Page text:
Background. Federal law (42 U.S.C. §1437f(c)(8)) requires a one-year written notice with specific content prior to contract expiration or termination. In the Section 8 Renewal Policy Guide (Jan. 2001), following a 1999 federal court decision, HUD clarified that owners seeking to opt-out must clearly state that intention. The statute also specifies that the owner must not evict the tenants and cannot increase tenant rents until one year after proper notice is provided, and authorizes HUD to offer noncomplying owners a renewal contract on HUD-set terms and conditions until proper notice is served and the applicable period has run. However, HUD has often provided enhanced vouchers at scheduled contract expiration to properties where owners have not provided legal termination notices, effectively providing financial rewards to owners for violating the law, while permitting simultaneous compliance with the statutory rent limits. Where valid notice has not been provided, the contract expiration date has passed and the owner has not executed a renewal contract, HUD has declined to provide renewal contracts to the current owner or to a preservation purchaser.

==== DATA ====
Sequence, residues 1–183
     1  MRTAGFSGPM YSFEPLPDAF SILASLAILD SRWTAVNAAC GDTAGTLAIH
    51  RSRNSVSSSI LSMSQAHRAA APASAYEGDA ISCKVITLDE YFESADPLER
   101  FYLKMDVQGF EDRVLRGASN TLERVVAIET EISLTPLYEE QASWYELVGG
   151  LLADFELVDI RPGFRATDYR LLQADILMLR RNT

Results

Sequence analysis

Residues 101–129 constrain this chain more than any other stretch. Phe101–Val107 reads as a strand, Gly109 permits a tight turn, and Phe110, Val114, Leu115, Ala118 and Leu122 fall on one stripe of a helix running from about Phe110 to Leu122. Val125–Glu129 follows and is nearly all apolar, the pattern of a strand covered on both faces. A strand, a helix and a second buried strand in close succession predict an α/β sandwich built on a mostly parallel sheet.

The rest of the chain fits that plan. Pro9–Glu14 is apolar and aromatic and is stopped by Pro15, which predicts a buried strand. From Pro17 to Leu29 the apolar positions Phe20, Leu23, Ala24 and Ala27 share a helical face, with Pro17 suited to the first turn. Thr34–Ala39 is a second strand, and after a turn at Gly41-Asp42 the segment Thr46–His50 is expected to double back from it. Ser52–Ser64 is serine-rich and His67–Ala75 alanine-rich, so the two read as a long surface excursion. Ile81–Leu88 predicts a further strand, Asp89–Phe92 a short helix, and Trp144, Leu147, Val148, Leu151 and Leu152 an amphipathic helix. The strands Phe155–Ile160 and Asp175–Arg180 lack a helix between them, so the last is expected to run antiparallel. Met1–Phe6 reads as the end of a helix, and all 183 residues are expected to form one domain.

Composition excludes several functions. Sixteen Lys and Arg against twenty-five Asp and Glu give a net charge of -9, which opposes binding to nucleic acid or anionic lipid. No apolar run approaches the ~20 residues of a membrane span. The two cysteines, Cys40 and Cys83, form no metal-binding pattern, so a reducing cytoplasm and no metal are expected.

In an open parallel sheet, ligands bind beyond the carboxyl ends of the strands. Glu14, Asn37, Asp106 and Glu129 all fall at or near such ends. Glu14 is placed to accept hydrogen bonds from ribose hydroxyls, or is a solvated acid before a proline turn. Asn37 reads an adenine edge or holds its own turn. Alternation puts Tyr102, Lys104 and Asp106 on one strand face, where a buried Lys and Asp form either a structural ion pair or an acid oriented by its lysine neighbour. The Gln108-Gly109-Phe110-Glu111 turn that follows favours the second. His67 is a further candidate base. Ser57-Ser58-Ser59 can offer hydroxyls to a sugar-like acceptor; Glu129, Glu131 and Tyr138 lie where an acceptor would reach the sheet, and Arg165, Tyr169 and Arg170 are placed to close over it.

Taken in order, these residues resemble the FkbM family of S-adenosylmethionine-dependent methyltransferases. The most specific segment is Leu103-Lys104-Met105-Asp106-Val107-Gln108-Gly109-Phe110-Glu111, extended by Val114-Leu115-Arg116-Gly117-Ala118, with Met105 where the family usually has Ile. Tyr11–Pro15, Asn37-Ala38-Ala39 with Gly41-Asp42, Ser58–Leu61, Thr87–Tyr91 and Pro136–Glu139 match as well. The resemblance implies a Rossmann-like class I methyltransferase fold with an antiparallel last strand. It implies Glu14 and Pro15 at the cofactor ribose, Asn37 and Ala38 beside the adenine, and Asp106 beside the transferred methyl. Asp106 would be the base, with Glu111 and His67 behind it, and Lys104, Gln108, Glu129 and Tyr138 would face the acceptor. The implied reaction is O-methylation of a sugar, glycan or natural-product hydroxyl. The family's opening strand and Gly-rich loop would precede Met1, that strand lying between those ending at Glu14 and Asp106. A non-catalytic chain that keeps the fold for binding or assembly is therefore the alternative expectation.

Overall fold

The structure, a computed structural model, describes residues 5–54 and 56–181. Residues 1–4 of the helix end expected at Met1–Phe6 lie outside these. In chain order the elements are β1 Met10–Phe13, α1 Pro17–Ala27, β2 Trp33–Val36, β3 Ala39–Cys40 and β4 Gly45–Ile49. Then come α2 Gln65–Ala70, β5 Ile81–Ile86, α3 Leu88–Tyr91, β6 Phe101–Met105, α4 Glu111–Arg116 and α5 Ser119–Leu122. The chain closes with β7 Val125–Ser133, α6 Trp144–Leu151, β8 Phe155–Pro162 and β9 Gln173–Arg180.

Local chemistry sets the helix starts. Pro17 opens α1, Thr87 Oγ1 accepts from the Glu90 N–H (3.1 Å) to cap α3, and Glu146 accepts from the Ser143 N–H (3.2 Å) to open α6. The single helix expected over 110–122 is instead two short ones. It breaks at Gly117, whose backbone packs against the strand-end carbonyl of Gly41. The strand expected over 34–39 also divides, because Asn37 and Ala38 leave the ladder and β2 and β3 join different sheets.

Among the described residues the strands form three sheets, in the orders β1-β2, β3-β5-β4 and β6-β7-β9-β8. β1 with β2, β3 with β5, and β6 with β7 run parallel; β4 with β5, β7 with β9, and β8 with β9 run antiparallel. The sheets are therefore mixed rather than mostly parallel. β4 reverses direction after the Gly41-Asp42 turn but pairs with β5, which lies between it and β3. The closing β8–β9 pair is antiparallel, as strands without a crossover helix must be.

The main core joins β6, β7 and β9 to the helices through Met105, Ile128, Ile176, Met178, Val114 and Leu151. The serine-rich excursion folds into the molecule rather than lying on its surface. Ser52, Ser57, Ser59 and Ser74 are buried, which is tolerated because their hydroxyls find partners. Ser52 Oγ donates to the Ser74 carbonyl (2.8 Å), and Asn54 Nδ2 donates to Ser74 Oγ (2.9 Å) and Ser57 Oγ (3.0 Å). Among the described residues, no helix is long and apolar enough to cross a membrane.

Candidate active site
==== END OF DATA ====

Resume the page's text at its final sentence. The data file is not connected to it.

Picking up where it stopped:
Last fall, the Chairman and several other Senators wrote to Secretary Martinez requesting that HUD provide enhanced vouchers only where the contract has been validly terminated with proper notice, but received no definitive written commitment to cease this practice.
Congress Should Require HUD to Pursue An Overall Policy Favoring Preservation and Create an Office of Preservation to Coordinate HUD Efforts
If Congress establishes or encourages HUD to more actively pursue a federal preservation policy, it should consider establishing a responsible official within HUD to coordinate the agency's efforts to ensure that the various programs and officials work toward that objective.